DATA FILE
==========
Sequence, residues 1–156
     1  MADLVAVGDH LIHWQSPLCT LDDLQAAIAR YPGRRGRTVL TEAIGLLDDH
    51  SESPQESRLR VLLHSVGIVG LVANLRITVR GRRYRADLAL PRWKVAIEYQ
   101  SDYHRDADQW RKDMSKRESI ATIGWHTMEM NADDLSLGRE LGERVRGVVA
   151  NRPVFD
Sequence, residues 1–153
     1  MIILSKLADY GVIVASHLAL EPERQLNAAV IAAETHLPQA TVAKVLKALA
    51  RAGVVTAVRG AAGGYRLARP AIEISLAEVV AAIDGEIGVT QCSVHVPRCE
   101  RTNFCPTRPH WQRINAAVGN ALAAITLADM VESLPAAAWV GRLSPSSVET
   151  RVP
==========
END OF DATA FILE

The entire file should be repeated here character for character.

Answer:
Sequence, residues 1–156
     1  MADLVAVGDH LIHWQSPLCT LDDLQAAIAR YPGRRGRTVL TEAIGLLDDH
    51  SESPQESRLR VLLHSVGIVG LVANLRITVR GRRYRADLAL PRWKVAIEYQ
   101  SDYHRDADQW RKDMSKRESI ATIGWHTMEM NADDLSLGRE LGERVRGVVA
   151  NRPVFD
Sequence, residues 1–153
     1  MIILSKLADY GVIVASHLAL EPERQLNAAV IAAETHLPQA TVAKVLKALA
    51  RAGVVTAVRG AAGGYRLARP AIEISLAEVV AAIDGEIGVT QCSVHVPRCE
   101  RTNFCPTRPH WQRINAAVGN ALAAITLADM VESLPAAAWV GRLSPSSVET
   151  RVP